Around 1 in 3 cases of COVID-19 recorded worldwide each day are now in India, where the rate of new infections is increasing faster than in any other country.
A second wave of COVID-19 infections in India has completely overwhelmed the country’s medical infrastructure as families make desperate appeals for oxygen and other life-saving supplies on social media.
In the capital of New Delhi, mortuaries are using mass cremations to dispose of the bodies of COVID victims. In some hospitals, patients wait outside in ambulances due to a lack of ventilators inside.
Volunteers also mobilized to resolve supply issues, including India cares, a community of over 3,000 people using social media to find everything from blood donors to oxygen and medicine.
Mohd Saqib, a 23-year-old student who recently became involved with the organization, told BuzzFeed News that calls for help are increasing every day.
“We are losing our Indian family daily,” Saqib said. “When a person [makes a] asks and then after a while we know that the same person is no longer, that moment is the worst. “
In an emergency meeting chaired by Indian Prime Minister Narendra Modi, officials agreed to divert oxygen intended for industrial use to meet immediate medical needs and to use the country’s transportation networks to deliver more quickly deliver supplies to states most in need.
Modi also called on states to take stronger action on the potential hoarding of supplies.
India escaped the worst of COVID-19 in the pandemic’s first year. Although the country ranks fourth in the world for its official global toll, behind the United States, Brazil and Mexico, its death rate was low compared to its population of nearly 1.4 billion. And as India entered 2021, the disease appeared to be under control, as cases and deaths had fallen from a high in September.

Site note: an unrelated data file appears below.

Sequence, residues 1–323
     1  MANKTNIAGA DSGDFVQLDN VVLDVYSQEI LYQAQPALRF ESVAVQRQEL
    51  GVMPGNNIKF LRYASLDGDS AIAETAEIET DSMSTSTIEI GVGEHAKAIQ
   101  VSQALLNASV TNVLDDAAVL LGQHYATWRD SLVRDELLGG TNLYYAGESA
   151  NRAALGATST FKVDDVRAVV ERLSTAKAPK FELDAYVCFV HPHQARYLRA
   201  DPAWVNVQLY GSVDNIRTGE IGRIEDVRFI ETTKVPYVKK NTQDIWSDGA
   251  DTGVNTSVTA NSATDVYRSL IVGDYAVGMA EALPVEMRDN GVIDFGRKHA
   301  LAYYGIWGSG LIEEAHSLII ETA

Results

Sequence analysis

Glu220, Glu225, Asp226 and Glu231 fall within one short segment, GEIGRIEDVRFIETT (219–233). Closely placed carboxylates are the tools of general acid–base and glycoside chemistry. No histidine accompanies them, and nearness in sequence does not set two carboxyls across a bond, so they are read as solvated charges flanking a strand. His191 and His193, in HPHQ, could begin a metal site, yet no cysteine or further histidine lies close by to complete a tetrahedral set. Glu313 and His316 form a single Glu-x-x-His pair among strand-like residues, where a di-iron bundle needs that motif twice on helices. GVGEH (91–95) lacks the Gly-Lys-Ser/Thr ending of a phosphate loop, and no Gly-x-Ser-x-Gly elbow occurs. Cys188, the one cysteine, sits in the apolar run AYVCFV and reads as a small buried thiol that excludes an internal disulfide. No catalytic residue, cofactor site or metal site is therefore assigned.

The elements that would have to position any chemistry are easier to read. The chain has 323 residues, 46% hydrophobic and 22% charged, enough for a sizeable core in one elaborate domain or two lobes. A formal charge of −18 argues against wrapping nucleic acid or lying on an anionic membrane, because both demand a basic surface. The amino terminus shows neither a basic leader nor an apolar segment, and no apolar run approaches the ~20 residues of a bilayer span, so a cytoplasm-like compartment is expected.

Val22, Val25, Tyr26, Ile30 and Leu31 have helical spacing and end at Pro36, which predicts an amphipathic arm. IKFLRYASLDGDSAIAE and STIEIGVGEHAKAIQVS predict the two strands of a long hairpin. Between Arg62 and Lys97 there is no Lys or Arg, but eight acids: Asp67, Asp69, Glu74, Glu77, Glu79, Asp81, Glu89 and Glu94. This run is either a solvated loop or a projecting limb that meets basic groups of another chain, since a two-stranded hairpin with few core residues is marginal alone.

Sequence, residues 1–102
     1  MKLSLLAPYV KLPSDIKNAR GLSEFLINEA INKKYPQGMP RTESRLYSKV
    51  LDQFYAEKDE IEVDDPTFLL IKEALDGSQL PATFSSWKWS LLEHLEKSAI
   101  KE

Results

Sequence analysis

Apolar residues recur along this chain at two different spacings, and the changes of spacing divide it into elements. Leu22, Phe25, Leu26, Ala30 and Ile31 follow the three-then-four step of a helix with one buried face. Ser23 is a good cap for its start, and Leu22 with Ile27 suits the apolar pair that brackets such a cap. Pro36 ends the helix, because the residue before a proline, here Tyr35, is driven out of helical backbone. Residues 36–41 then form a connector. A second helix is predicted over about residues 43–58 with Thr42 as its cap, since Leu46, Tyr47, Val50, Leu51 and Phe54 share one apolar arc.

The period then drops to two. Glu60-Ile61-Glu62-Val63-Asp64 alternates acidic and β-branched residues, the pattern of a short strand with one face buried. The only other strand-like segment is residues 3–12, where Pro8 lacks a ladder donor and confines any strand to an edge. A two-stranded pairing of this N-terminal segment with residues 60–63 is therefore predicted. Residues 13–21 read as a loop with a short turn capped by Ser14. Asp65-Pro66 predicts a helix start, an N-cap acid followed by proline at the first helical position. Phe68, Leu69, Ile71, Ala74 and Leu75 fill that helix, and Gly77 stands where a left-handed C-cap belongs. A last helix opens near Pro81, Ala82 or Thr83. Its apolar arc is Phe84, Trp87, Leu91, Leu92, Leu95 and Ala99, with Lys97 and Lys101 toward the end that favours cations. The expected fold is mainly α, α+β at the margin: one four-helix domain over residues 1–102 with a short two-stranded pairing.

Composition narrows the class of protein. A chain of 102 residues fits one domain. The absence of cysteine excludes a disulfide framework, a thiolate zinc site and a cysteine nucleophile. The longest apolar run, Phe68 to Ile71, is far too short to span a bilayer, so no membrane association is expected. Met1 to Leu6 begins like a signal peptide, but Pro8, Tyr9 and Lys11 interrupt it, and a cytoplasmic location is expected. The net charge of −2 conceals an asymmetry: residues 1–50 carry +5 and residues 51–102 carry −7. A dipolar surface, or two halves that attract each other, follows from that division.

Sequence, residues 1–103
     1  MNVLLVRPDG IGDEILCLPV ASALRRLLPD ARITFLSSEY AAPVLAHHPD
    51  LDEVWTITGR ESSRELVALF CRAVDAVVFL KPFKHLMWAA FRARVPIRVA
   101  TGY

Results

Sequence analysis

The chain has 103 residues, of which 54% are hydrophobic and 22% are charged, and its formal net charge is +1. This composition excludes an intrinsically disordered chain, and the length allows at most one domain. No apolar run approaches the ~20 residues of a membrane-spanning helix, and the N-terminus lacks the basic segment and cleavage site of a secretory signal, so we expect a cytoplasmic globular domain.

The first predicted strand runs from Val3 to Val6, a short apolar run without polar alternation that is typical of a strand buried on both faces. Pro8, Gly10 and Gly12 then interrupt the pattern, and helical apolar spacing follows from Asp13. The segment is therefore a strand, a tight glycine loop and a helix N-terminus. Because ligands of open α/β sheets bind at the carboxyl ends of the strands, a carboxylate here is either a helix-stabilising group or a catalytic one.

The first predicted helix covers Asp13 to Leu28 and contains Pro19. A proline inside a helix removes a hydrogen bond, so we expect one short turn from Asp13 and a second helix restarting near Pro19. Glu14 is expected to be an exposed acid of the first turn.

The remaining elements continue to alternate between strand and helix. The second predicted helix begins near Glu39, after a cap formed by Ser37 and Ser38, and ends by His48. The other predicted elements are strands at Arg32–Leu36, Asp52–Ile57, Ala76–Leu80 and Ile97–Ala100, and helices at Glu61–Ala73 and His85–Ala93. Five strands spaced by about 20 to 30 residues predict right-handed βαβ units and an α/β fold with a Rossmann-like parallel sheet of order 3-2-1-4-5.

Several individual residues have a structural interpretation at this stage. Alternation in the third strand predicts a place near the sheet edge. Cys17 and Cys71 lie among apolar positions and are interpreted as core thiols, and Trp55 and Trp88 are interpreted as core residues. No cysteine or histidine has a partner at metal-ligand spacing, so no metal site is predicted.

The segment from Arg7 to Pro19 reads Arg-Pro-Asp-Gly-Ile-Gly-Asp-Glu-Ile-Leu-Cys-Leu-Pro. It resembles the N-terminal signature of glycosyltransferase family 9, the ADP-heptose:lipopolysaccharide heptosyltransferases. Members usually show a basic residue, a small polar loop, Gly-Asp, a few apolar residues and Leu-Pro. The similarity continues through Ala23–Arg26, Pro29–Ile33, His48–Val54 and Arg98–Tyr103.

But since March, the country has seen an explosion of infections, suspected to be due to a new variant of the coronavirus called B.1.617. India’s National Institute of Virology reported that this variant has taken the lead in transmissions, appearing in about 61% of cases tested in one province last week. It is sometimes called the “double mutant” variant because it contains two mutations associated with increased contagion; its role in the outbreak in India remains unclear due to limited medical testing for variants in that country.
Today, around 1 in 3 COVID-19 cases recorded worldwide each day are in India, and the rate of new infections is increasing faster than in any other country. About 2,000 COVID-related deaths are also recorded there each day, about one sixth of the global total. But a Financial Times analysis based on cremation records suggests that many people who die from COVID-19 in India are not counted in official statistics.
As his health system is on the verge of collapse, Giridhar R. Babu, epidemiologist with the Public Health Foundation of India (PHFI), has warned that “this will not be the last wave nor the last pandemic either”.
In an interview with local media, Babu said the current situation in India should be of global concern.
“If disease control is neglected in some parts of the world, all other parts are at risk of importing infections,” Babu said. “We need to strictly and meticulously examine the COVID situation in the country while expanding immunization coverage.